Christian teachers come in all theological shapes and sizes, as the Corinthians of St. Paul’s day discovered. Some spoke with unadorned plainness, like Paul himself, who was determined to forego the fancy rhetoric fashionable in his day, and to know nothing other than Jesus Christ, and Him crucified (see 1 Cor. 2:2). Some spoke with great elegance, like the erudite Apollos of Alexandria. Some spoke with the authority that came from being one of the original Twelve, like Cephas. The Corinthians had their preferences (which was okay), and these preferences soon turned into factions (which was not). Each faction, it would appear, had their battle cry: “I am of Paul!” “I am of Apollos!” “I am of Cephas!” Some, it seems, wanted to be free from accountability to any human teacher, and raised the battle cry, “I am of Christ!” (1 Cor. 1:12f). It is not too unlike the situation of today, wherein some cry, “I am of Schmemann!” “I am of the Elder Cleopa!” “I am of the Elder Ephraim!” Plus ça change…
As Paul forcibly reminded the quarrelling Corinthians, such factionalism was “not on”. For one thing, it was not consistent with their first experience of the Gospel, for no one for baptized, for example, in the name of Paul, becoming the disciples of Paul. For another thing, it gave the impression that Christ (that is, Christ’s body the church) was somehow divided, which was impossible. In actual fact, the Corinthians did not have to choose between Paul, Apollos, Cephas, or any human teacher of the Faith. All of these teachers belonged them – along with the world itself, and life, and death, and things present, and things to come, even as they all belonged to Christ, and Christ belonged to God (1 Cor. 3:21-23). What were Paul and Apollos anyway? Not gurus, or founders of rival philosophical schools, but simply servants of God through whom the Corinthians came to faith, as the Lord in His providence provided. Each teacher had his own contribution to make – Paul planted, and Apollos, coming after Paul, watered, but God was the One behind it all, the One giving the actual growth (1 Cor. 3:5-7). These servants and teachers would have their reward, but what mattered was the church on which they laboured, the sanctification of the lives of all of God’s people.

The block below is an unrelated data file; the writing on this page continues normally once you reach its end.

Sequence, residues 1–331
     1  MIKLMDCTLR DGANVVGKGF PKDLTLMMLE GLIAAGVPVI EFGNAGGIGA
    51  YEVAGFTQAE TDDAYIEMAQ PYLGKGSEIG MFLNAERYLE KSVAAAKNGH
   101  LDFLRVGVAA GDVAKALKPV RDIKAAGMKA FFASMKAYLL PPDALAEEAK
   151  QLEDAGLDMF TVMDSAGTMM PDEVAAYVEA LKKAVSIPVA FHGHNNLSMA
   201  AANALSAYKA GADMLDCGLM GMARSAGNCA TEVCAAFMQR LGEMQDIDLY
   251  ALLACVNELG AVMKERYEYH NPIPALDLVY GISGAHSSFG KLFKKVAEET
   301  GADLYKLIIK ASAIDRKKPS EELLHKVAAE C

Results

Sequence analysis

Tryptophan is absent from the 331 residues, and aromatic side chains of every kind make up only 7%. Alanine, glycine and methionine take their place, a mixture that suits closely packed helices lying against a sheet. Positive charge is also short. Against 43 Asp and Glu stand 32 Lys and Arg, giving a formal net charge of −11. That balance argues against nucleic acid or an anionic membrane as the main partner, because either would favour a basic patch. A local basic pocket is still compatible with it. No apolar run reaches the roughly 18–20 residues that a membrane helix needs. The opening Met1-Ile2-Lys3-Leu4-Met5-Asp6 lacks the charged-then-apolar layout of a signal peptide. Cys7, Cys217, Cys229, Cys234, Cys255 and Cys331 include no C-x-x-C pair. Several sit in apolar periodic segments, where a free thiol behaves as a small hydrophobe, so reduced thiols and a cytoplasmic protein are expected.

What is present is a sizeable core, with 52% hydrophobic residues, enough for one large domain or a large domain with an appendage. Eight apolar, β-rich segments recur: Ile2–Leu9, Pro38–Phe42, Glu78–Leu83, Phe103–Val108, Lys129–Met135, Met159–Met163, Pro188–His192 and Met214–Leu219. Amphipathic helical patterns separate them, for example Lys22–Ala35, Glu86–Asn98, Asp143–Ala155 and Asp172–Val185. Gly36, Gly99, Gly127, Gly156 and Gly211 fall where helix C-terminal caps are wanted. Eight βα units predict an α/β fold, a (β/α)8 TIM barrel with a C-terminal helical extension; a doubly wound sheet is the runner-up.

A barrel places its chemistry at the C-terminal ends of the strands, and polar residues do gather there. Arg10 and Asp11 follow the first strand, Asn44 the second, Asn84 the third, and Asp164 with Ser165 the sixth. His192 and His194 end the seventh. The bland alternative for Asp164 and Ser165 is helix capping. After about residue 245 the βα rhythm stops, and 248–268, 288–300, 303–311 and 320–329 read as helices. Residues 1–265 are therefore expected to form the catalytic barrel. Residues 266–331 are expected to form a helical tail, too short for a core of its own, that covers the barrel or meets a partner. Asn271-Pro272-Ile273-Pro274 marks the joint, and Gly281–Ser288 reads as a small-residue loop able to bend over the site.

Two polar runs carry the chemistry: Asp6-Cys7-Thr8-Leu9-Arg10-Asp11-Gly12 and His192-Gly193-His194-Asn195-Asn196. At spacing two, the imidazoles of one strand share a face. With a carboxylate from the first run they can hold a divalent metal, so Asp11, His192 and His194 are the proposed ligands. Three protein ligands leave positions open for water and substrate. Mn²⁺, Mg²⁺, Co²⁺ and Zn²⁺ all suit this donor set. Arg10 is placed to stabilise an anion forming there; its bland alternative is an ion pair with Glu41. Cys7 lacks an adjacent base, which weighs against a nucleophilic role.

St. Paul reminded the Corinthians of all this so that they would cease quarrelling. Paul had laid the foundation for the church in Corinth, and other teachers would come to build on it with their teaching, and all these teachers were to be valued. But – and this is an important “but” – each teacher must take care how he builds on it. “For,” St. Paul reminded them, “no other foundation can any one lay than that which is laid, which is Jesus Christ” (1 Cor. 3:11). With this word, St. Paul directs the Corinthians to beware of anyone that tries to base his teaching upon a cult of personality. The message which all teachers must proclaim must be consistent with the foundation on which they build. They must preach not themselves, but Jesus Christ as Lord. Anyone teaching otherwise was building on the foundation with wood, hay and straw, and the fire of the Day of Judgement would reveal its worthlessness by burning it up. Those teachers would be saved, but barely – they would be like men rushing from a burning building, saved “only as through fire” (1 Cor. 3:15).
This column is entitled “No Other Foundation”, because it aims to offer teaching consistent with the apostolic foundation of the Church, which is Jesus Christ. Drawing closer to Him, building our life on Him, is the only thing which ultimately matters.